blacks cornish bees

suppoorting and protecting native Cornish bees

phone 01326 316541 email info@cornishbees.com

Welcome

Blacks Cornish Bees is a conservation project working in West Cornwall, managed as a not for profit community interest company .

godolphin bees on frame

Blacks Cornish Bee Project.

The project is now 10 years old and we manage 3 apiary sites in West Cornwall. One close to Coverack on the Lizard , one at National Trust Godolphin near Helston, the newest is on a site in Treluswell , managed along with 16 allotment plots. Blacks Cornish Bees is a 'not for profit' Community Interst CompanyThe project is keen to conserve and protect the native population of bees and raise awareness of the positive atributes and outcomes of working with the Cornish variant of AMM bees in colaboration with all the groups and individual beekeepers sharing this vision. Bob is a director of the B4 Project and a secretary at the Cornwall Bee Improvement and Bee Breeders Group, a contributer to Bee Improvent progam for Cornwall and a member of the West Cornwall Beekeepers Group.

For further information on the project and bee improvement in Cornwall follow our links and contact: info@cornishbees.com



BREAKING NEWS.

WE HAVE OFFICIALY LAUNCHED THE UK'S FIRST NATIVE BEE HAVEN ON A NATIONAL TRUST PROPERTY IN THE UK

In September a group of local beekeepers came together to launch the Native bee haven status at National Trust Godolphin , we hope the first of many. This followed the installation of two remote hive sensoring devices on the site in collaboration with Pollenize in Plymouth. Part of over 200 monitoring systems that will feed information on our bees into a central feed to enable researchers, acedemics and conservation groups to do valuable work conserving and protecting honey bees.



From left : Maggie Freegard ( B4 ) Robert Shepperd( BipCo ) Claire North and Juliet Turner ( National Trust ) and Bob Black at the installation of new signage for Godolphin.

The Duchy of Cornwall is supporting a project to save the Cornish remnants of the native Black Honey Bee.
At one time the Black Honey Bee was the only sub-species to be found in Cornwall. However, the combined impact of Isle of Wight disease in the 1920s and an increasing reliance on Southern European varieties of bee has led to the gene pool being diluted to the point where a relatively pure Black Bee now represents as little as one per cent of the British bee population, which is itself declining at an alarming rate.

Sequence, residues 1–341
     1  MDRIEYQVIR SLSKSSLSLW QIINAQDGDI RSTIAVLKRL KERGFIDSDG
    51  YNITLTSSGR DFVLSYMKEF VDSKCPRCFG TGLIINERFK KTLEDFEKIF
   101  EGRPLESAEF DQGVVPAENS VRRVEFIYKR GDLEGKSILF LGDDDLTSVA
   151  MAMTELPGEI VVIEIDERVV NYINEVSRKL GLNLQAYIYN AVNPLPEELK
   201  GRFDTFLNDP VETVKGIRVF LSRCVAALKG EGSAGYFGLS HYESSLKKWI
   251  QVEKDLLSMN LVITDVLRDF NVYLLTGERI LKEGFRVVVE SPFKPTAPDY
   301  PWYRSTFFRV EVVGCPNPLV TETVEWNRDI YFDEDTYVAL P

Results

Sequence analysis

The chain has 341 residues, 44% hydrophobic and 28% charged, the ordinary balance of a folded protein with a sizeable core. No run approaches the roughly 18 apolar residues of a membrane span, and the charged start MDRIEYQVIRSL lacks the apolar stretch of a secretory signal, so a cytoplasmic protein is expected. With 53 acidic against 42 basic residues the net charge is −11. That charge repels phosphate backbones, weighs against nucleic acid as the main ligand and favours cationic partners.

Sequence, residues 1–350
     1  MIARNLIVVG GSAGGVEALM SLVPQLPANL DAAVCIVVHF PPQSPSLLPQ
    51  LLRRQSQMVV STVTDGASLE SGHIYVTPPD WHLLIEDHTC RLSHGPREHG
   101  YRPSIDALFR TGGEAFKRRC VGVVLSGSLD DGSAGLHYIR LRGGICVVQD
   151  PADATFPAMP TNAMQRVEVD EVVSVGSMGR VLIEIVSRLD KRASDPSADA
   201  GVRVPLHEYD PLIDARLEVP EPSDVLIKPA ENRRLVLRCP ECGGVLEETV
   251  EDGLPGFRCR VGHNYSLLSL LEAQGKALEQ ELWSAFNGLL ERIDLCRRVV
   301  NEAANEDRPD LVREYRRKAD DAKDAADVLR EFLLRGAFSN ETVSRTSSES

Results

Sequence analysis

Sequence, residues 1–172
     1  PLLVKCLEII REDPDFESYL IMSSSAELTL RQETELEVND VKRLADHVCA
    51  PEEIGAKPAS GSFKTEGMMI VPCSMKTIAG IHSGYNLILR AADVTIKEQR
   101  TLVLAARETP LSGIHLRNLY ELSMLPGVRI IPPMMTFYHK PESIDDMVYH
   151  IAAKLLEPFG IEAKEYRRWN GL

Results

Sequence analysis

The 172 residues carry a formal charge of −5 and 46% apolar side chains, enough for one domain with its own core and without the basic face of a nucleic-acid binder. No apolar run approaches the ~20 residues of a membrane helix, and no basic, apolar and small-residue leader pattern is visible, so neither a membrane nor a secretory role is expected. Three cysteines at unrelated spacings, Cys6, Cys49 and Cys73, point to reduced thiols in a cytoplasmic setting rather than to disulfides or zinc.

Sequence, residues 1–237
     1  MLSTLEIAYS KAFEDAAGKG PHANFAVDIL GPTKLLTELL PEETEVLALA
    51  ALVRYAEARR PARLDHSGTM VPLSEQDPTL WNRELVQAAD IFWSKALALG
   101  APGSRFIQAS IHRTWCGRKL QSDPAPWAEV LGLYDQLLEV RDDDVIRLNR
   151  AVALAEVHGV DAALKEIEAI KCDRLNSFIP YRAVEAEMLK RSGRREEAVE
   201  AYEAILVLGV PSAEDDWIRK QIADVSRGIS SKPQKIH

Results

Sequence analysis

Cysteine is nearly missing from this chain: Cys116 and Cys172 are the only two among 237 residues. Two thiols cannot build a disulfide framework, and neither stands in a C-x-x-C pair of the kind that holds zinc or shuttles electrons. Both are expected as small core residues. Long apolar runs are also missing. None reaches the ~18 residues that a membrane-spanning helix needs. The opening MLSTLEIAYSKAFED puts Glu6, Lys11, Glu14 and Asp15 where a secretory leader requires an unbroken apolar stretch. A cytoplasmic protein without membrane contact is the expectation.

Our Godolphin Native bees make the front page of the BIBBA journal.

Our DNA results make front page of the National Trust newsletter

Bob Black is a Director of the B4 project, membership secretary of CBIBBG and a contributor to both BipCo and BIBBA

THE CORNISH VARIANT OF AMM HAS SIGNIFICANT QUALITIES AND IS AT THE FOREFRONT OF BEATING THE DECLINE IN BEE COLONIES:

Significant winter hardiness- low tendency to swarm -defensive against invaders such as wasps-careful, measured maritime brood cycle - strong drive to collect pollen-high longevity of the worker bees and queen-excellent flight strength even in cold weather-possibly 

We're stuck with our climate. So are the bees.The native British Black Bee evolved here with a very similar climate -short, damp and relatively cold summers and relatively mild winters. The Black Bee has thick hair covering its body. It forms smaller, tighter winter clusters than its more southerly or easterly neighbours.The native bee was "chosen" by natural selection for the climate of North West Europe. It flies and gathers honey when the Italians are stuck in the hive. Its improved ability to conserve heat means it needs smaller winter colonies with a much lower food consumption than the sugar fed carniolians.

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Get in touch


innitialy by email please

4, Fairfield Rd

Falmouth 

TR112DN

Adopt a Cornish bee's hive and support the project to add another colony of bees. An Ideal way to help the environment and learn about the fascinating life of bees without the time commitment. A perfect gift for anybody with an interest in the environment, ecology and sustainable husbandry in Cornwall.
You'll receive a newsletter by email full of information about the project, the care of your adopted bees and information about the progress of the apiary where your adopted hive is located. This is a great opportunity to get involved in a sustainable and eco friendly project from the comfort of your own home. The money is used to create one more colony of Cornish bees which can help to maintain and develop the indigenous bee population. Without a sustainable program of beekeeping the diversity and maintenance of the countries flora and food supplies is at risk.

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